William R. Harvey, president of historically Black Virginia-based college Hampton University, scolded the new BET hit series “The Quad” for depicting academic life at HBCUs in an unfavorable light.
Harvey penned a 3-page letter to BET President Debra Lee claiming the show misrepresents the students, professors and academics at historically Black colleges and universities. The letter, written Feb. 3 and posted online by HBCU Digest Feb. 16, also attacked the series’ characters and storyline that “feeds a false narrative about the irrelevance of HBCUs.”
“Devoid of any reference to academics, “The Quad” is about a president who is promiscuous, trustees who are unwilling to deal with a rogue band director and a band director who condones criminal activity on the part of his drum major,” the letter read. “The Quad” will lead many to believe that HBCUs exist because of their marching bands; that our presidents are unethical; that our boards are dysfunctional and have misplaced priorities; that our faculty, students and administrators are driven by sex, alcohol, marijuana, low self-esteem, parties and a preoccupation with music; that it is acceptable to disrespect women; that university policy can be set by a band director; and that there are no standards of conduct or penalties for bad behavior.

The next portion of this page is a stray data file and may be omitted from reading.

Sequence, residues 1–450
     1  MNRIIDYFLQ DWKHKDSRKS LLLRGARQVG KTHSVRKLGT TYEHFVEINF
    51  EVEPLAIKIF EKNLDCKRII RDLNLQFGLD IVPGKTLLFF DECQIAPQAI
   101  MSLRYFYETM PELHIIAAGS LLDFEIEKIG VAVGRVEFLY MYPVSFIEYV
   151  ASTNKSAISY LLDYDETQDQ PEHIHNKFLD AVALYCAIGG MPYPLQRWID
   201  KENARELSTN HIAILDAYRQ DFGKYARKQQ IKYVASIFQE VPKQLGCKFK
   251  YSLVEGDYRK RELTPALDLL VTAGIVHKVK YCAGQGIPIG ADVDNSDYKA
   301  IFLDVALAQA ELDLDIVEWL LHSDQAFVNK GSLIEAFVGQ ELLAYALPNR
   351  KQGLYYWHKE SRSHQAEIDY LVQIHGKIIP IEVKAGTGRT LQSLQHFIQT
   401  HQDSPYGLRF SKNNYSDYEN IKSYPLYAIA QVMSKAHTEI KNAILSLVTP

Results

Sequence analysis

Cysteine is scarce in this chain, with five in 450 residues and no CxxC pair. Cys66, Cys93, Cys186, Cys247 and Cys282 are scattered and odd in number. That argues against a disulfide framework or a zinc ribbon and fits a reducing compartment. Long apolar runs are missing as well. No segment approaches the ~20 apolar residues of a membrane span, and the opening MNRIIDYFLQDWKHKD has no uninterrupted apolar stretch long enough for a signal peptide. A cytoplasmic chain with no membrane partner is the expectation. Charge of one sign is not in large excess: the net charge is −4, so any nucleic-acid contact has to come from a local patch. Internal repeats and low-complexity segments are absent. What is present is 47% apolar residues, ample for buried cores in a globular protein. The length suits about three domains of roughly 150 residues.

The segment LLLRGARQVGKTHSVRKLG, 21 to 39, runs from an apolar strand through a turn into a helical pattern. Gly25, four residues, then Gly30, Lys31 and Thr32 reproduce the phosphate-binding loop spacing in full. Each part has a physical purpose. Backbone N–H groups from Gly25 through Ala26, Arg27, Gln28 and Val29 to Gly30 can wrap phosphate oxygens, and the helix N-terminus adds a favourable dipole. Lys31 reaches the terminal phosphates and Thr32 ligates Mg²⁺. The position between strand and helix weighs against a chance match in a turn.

“We cannot afford this kind of storytelling. It amounts to the type of ‘fake news’ that is prevalent today. You see, all that most people know about HBCUs is what they see on television. What I saw on BET February 1st was not accurate; rather, it was a bogus representation of very important and historic institutions.”
Headlined by Anika Noni Rose as Dr. Eva Fletcher and legendary stage and TV actress Jasmine Guy, the show revolves around the lives of students and educators at fictional Georgia A&M University. Critics have described the show as “clunky” and “heavy-handed” when dealing with tougher subjects such as race.
As of this report, showrunners have not responded to Harvey’s letter.